INDEPENDENT CONTRACTOR OR EMPLOYEE?

If it walks like a duck and talks like a duck, it’s a duck.  In other words, if you are treating the ‘independent contractor’ like an employee by doing things such as providing work materials and office space, designating working hours, providing training and direction regarding how and when to perform the work, then the ‘independent contractor’ is most likely an employee.  Independent contractor is defined by the Fair Labor Standards Act, IRS regulations, and the decisions of some courts.  Many states also have specific independent contractor regulations.  The IRS and many states have adopted common law principles to define an independent contractor. These rules focus primarily on the level of control an employer has over a service or product. For independent contractors, the company can direct or control only the result of the work done, and not the means and methods in getting to the result.

The rules are not always clear-cut to determine the correct status, but generally characteristics of an Independent Contractor include:

  • The work assignment is temporary and typically for a specific project
  • The work assignment is not an integral part of the business and is not something typically done by employees.

The Independent Contractor will:

  • Supply his or her own equipment, materials and tools
  • Pay for their own expenses
  • Control the hours worked
  • Determine how and when to perform the work
  • Retain a degree of control and independence
  • Operate under a business name and has his/her own employees
  • Advertise his/her business’ services and has more than one client

Some courts and federal agencies use an “economic realities test” which looks at the dependence of the worker on the business.  If a large portion of a worker’s salary is from one specific company, this may qualify the as an employee. Other factors considered are level of skill, integral nature of the work, intent of the parties and payment of social security taxes and benefits.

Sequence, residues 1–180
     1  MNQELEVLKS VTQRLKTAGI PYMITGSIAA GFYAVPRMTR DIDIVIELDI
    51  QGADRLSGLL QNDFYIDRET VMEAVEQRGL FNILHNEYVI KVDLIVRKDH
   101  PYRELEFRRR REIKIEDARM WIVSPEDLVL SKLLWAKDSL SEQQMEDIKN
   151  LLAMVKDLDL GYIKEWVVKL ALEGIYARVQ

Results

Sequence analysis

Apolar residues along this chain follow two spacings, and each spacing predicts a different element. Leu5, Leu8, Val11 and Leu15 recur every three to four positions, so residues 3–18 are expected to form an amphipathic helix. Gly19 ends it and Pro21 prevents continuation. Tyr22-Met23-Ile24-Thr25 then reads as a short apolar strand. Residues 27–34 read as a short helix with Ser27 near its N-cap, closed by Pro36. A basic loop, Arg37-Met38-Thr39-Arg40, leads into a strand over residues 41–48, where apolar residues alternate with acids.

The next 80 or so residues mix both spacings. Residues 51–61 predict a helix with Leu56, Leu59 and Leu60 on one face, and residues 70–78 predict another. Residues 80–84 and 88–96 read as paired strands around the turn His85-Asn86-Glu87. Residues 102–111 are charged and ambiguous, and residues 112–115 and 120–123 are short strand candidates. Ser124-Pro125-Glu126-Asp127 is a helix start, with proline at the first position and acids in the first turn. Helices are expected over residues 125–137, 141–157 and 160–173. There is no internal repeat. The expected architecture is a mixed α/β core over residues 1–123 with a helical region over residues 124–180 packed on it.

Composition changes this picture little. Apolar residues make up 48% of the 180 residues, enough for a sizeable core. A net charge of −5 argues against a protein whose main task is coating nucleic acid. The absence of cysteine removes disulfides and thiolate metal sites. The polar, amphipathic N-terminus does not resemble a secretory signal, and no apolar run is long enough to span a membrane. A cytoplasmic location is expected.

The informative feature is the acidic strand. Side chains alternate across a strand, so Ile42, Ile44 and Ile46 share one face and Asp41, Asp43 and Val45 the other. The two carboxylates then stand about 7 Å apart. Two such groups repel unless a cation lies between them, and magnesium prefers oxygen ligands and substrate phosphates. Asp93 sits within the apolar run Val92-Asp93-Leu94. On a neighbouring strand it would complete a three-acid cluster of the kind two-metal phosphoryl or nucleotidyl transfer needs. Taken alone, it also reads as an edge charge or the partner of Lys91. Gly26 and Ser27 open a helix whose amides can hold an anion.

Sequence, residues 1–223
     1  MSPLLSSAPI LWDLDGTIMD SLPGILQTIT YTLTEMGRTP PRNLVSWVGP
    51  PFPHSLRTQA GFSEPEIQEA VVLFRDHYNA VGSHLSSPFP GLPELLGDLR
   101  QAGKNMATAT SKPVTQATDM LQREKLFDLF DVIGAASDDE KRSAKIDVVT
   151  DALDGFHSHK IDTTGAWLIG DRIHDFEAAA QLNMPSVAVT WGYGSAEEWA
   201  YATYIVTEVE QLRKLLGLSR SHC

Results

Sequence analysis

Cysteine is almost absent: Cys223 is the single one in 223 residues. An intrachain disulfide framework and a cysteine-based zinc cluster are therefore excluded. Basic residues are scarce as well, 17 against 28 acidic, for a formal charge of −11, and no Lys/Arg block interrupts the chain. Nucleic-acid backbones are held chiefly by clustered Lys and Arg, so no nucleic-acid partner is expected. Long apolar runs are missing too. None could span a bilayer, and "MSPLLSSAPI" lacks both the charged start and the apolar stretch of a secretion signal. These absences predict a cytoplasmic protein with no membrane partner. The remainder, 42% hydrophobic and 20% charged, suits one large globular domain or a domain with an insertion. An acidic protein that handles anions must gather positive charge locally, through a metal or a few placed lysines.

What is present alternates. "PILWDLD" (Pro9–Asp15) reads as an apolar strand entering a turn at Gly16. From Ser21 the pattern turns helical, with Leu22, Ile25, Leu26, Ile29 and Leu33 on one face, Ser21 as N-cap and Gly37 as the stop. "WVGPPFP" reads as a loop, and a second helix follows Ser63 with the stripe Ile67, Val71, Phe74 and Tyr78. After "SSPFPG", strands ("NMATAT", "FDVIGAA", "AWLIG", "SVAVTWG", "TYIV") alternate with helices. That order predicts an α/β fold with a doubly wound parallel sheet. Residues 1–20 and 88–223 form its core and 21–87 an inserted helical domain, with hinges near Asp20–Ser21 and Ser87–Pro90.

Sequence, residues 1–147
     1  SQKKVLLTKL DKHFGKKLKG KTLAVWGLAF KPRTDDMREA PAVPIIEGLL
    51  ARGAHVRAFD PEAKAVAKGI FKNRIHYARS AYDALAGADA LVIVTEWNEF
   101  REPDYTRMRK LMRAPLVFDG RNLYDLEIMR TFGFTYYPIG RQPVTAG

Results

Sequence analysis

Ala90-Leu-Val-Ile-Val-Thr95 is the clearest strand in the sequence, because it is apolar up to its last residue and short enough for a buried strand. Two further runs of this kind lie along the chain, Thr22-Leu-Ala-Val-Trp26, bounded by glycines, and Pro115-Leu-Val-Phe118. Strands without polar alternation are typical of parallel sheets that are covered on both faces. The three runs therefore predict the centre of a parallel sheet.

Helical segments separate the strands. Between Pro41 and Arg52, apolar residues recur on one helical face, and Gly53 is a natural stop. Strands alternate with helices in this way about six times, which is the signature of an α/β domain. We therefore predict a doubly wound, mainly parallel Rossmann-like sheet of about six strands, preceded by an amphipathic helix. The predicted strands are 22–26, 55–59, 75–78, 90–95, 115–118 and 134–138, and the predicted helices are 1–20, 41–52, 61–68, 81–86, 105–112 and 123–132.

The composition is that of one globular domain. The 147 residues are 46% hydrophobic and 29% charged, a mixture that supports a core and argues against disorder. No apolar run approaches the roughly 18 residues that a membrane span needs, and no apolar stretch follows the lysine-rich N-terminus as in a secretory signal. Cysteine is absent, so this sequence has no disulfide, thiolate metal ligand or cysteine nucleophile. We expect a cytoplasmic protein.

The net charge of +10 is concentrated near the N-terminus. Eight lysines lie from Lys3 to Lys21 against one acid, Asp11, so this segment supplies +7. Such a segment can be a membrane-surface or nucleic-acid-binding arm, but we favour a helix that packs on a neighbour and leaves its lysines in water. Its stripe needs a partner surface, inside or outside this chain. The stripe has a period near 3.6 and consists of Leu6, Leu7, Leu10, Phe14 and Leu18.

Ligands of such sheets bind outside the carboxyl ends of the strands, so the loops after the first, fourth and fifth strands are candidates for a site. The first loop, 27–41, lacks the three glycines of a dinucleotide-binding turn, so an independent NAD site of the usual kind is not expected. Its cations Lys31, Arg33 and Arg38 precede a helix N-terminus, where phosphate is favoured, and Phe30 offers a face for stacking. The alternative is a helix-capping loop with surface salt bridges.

Misclassification of an individual as an independent contractor may have a number of costly legal consequences such as reimbursement of all wages including overtime, taxes and penalties for federal and state income taxes, social security, Medicare and unemployment, providing employee benefits and workers compensation for any injuries.

There is no set number of factors that makes the worker an employee or an independent contractor.  Also, factors which are relevant in one situation may not be relevant in another.  The best approach is to look at the entire relationship, consider the degree or extent of the right to direct and control the work, and be sure to document all factors used in your determination process.

At WageWatch our compensation consultants are focused on your organization’s compensation needs and ready to help you ensure that your compensation programs are supporting your company’s business strategy and objectives. WageWatch also offers accurate, up-to-date benefit surveys, salary surveys and pay practices data that will allow you to stay current with the times. This information is highly beneficial in creating the best salary and benefits packages that meet or rival the industry standards. For more information on our services, including consulting, salary survey data, benefit survey data and market compensation reports, please call WageWatch at 888-330-9243 or contact us online.

INCENTIVE PLAN ESSENTIALS

Well-designed and well-implemented incentive plans can be an important tool for overall company success, but they also have the potential to be ineffective and even damaging if not carefully thought out.  Poorly designed incentives can have too much discretion, too much complexity or just too many measures that can undermine their power and advantage, and they can become just another way to distribute pay.

Before you even consider incentives, make sure you know the company’s strategy and the critical measurements of success.  You will need to know the specifics regarding what you want to achieve, what kinds of improvements, behaviors and outcomes do you want; why aren’t these improvements happening now and what’s preventing them from taking place; what obstacles to the outcomes will employees face, how will employees respond to and try to overcome these obstacles, and is this what you want; Do employees have the skills, experience, systems and support they need to overcome these obstacles and if not, what is lacking?